Ten different tobacco companies have been making illegal payments to Dutch supermarkets to encourage them to display and sell their products in a certain way, the Dutch food and product safety board NVWA said on Thursday.
The payments varied between €10,000 to €2m a year, junior health minster Paul Blokhuis told MPs in a briefing. The tobacco companies are seen as the initiators of the illegal deals and will be fined between €45,000 and €450,000, Blokhuis said.
‘It is extremely worrying that supermarket chains are receiving payment from tobacco producers in order to promote the sale of cigarettes and associated products,’ he said.
‘In my talks with supermarkets the main topic has been their responsibility in promoting healthy choices for customers. The future is smoke free. Bonuses to boost tobacco sales are not consistent with this and will have to become a thing of the past as soon as possible.’
The payments were made in return for commitments on where the tobacco products were placed in shelves, on reaching sales targets and even for staff training, the report said.
In addition, spot checks among supermarkets to see if they are keeping to the ban on having cigarettes on display led inspectors to issue 32 fines, the minister said.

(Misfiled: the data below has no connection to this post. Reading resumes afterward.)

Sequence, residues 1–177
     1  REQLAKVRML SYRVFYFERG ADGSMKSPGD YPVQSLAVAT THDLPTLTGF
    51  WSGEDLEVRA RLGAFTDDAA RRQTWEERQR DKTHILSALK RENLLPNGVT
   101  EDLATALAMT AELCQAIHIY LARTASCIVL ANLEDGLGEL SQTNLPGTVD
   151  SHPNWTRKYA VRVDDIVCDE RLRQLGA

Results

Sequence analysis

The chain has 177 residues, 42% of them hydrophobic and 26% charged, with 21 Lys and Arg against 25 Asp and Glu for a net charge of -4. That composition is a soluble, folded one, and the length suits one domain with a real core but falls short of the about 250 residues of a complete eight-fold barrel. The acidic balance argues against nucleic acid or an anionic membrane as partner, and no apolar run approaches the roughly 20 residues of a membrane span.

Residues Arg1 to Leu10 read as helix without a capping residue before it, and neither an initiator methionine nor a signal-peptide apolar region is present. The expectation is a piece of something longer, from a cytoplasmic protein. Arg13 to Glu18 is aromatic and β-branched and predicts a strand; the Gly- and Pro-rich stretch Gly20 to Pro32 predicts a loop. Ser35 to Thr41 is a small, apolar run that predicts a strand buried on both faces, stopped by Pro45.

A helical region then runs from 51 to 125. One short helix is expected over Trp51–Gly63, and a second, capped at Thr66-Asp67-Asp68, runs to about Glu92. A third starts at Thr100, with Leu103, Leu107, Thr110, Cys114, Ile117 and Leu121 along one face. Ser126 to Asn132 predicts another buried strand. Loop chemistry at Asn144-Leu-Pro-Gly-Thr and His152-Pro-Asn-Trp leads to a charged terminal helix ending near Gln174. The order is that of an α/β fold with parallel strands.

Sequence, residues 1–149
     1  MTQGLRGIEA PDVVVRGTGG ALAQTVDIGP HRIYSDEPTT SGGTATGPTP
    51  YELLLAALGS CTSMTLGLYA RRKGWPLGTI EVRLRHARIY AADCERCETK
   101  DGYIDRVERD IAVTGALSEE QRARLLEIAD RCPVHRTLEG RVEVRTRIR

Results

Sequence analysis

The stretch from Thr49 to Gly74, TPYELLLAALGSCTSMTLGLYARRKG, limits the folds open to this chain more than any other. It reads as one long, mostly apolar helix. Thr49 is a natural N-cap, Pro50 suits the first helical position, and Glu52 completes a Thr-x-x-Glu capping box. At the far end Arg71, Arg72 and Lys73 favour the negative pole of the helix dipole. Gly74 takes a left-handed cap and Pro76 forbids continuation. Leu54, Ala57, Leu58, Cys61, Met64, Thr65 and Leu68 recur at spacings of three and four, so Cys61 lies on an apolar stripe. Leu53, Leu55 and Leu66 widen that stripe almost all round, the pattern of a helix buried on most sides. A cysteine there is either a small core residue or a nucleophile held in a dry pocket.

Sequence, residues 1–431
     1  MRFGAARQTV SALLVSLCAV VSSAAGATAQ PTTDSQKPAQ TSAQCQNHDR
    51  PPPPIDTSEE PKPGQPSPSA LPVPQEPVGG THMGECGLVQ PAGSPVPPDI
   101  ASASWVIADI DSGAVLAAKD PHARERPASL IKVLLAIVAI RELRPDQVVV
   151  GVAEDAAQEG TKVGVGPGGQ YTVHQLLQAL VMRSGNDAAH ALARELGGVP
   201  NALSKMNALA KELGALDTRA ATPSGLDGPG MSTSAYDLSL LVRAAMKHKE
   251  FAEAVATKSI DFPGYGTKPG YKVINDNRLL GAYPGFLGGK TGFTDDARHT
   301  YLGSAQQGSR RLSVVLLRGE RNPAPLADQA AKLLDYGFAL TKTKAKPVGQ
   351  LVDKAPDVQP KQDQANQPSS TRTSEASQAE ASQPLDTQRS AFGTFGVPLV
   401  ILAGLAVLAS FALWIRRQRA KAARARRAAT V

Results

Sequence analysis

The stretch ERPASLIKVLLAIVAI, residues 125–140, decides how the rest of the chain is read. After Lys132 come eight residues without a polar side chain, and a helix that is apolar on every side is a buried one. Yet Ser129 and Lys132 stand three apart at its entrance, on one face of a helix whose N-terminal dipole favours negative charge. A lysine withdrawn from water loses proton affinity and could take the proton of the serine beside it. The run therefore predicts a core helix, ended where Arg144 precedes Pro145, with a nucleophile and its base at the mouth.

The NVWA carried out checks on 68 supermarkets and found two had done nothing to keep cigarettes from view while 30 had only done so partially.
‘Not all supermarkets complied completely and some, for instance, allowed cigarettes to be seen every time another product had to be taken from the shelf,’ the NVWA said.
They were given a €450 fine, which will mount up to €4,500 if the ban is flouted repeatedly. Five supermarkets were found to be in violation of the ban on ads.
Cigarettes have been banned from public display in supermarkets from July 1 and the measure will be extended to include petrol stations and other outlets from January 1. The sale of tobacco by supermarkets is set to be banned completely from 2024.
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